The reason I got the Holley APFR, p/n 512-501, is because I have the TPIS AFPR and the vacuum stem on it is loose after 5 years of daily operation. I heard great praise from a lot of people so I decided to get it..
This all the parts you get in it. As you can see there are 6 pieces to the kit and the housing is made from Aluminum and is kind of heavy compared to TPIS’s housing. The TPIS kit only gives you a housing and a solid washer to put over the top of the spring. The Holley kit gives you a new washer / diaphragm, new spring, and a screw in brass vacuum tube! Basically you rebuild the fuel pressure regulator, very nice.
Below is a comparison between the Holley housing and adjustment knob and my old TPIS regulators. The Holley housing is on top. So that is a slight comparison of two types of manufactures of AFPRs.
Installation The directions by Holley are good and you could follow them but I like pictures so this is my install.
First you need to either remove the fuse to the fuel pump and start the engine and let it die out. But all I did was the night before I loosen the gas cap. This was enough to release the pressure in the gas tank. Then you need to disconnect the battery and I took both positive and negative terminals off. First the air intake from the filters with the MAF need to be disconnected and then unscrew it from the throttle body.
Now you are ready to remove the plenum, throttle body and the cables attached to drivers side of the plenum. I have the throttle body coolant by pass done on my system so I didn’t have to remove the coolant hoses from the throttle body but if you have the stock setup you need to remove them from the throttle body. In addition to that there are 2 hoses on the throttle body’s passenger side and connector for the IAC that need to be disconnected.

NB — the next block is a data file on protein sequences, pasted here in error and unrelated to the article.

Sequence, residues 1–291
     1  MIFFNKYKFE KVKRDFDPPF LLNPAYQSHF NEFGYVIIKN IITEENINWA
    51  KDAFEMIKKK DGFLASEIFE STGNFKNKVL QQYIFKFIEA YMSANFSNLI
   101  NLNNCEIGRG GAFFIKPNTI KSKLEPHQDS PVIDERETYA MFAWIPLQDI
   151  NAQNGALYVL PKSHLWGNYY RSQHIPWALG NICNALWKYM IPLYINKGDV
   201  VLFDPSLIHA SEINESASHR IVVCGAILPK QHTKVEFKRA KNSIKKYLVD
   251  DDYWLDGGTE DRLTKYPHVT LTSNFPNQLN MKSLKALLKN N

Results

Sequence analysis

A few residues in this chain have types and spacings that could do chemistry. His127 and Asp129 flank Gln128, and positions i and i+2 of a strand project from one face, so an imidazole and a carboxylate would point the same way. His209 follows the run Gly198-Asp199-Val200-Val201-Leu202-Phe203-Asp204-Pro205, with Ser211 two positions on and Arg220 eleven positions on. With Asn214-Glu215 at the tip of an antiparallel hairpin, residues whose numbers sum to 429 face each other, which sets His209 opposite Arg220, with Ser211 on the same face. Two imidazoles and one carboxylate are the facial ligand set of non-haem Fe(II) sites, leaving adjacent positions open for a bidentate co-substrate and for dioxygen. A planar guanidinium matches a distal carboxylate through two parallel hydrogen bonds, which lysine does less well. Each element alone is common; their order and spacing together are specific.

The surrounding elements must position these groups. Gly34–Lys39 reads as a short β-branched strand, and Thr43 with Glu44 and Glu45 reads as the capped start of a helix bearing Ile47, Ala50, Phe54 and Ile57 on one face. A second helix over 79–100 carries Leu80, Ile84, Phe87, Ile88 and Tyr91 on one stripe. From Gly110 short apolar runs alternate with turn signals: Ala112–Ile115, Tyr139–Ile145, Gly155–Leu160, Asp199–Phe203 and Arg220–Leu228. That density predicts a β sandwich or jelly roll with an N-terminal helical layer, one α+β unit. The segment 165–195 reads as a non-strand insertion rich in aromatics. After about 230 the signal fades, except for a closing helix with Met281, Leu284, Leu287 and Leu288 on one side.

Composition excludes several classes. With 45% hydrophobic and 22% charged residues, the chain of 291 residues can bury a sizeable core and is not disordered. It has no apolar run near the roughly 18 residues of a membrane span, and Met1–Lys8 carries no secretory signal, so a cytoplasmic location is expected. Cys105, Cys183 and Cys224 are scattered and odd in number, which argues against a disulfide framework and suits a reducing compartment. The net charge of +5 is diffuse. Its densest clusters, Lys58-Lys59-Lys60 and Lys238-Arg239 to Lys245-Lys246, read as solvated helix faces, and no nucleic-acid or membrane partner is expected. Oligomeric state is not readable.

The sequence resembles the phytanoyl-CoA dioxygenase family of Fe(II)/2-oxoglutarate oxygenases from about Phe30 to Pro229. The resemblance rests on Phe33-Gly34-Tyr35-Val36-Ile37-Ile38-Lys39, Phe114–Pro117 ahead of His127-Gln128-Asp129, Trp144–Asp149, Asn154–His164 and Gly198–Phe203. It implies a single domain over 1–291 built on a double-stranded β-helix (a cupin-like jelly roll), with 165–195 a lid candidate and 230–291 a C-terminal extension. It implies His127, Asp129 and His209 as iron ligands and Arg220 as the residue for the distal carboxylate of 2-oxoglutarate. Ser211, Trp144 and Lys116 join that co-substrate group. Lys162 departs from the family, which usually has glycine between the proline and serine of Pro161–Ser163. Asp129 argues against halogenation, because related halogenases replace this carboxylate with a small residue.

Next I would remove the bracket that holds the throttle and tranny cables to the plenum on the drivers side, 3 bolts. At this point you could leave the throttle body connected to the plenum or remove the 4 bolts on the throttle body to the plenum or just remove the 8 (4 on each side) #40 Torx screws from the runners to the plenum and leave the throttle body connected to plenum, it is up to you So this is what it should look like.. The shiny little thing right before the distributor is the fuel pressure regulator, that was the old TPIS AFPR I had.
The BIGGEST problem a weekend mechanic will have is removing the torx screws from the feul pressure regulator. The reason is there are 2 types of torx screws. The regular ones and the “Security” ones. The “Security” ones have a little tit post in the middle of the hole. Look at the above picture and white square under the word “Torx”. This is a picture of the bit and you can see this white circle in the middle of it and that indicates that center of these bits have a hole there for the post on the trox screw.
If you try to use the solid torx bits you will bend that post and may not get the screws out unless you drill them out. A word to the wise! BE CAREFUL!!!! And use the correct #10 torx bit!! Once you get the screws out keep a rag handy to get any gas, as slight as it may be, when you remove the housing. I then used some CARB Cleaner and sprayed the area around it. Also spray in the screw holes to clean them out too.
I don’t know if others had this problem but I did. Where I’m pointing to is a bolt to the hold the fuel line on the injectors but the AFPR housing would hit it and not allow the torx screws to line up correctly. I messed up on one of the hole to the AFPR and ended up cross threading the hole. I have to tap it to undo my mistake. So if you feel the screw getting tight too soon then double check everything. I had to grind down a little of housing so it would line up correctly as shown below. If you look above you can see how I ground out a little notch for that bolt and everything lined up good. Ok now the housing is on you can screw on the BIG knob for the adjustment. It says to not screw it on to far but if you just screw it on till it catches it is too low of a fuel pressure and the car will not idle.
So I would screw it on like till you have 3 complete turns on it. This way it should have at least a 35psi and the car will idle. Other wise it is only going to give you about 22psi and the car won’t idle there. Now isn’t that a great big knob to adjust and just using your fingers!! Now that is about it and just do the reverse to assemble everthing back on the engine. Now did I notice anything?? Yeap, my idle improved more and even became alittle higher too. So I would say reset your IAC and TPS Voltage too and then your set. In addition to my idle getting better the car feels like it pulls better too but I have to get to the track to see if anything is that much better.
Enjoy and Good Luck!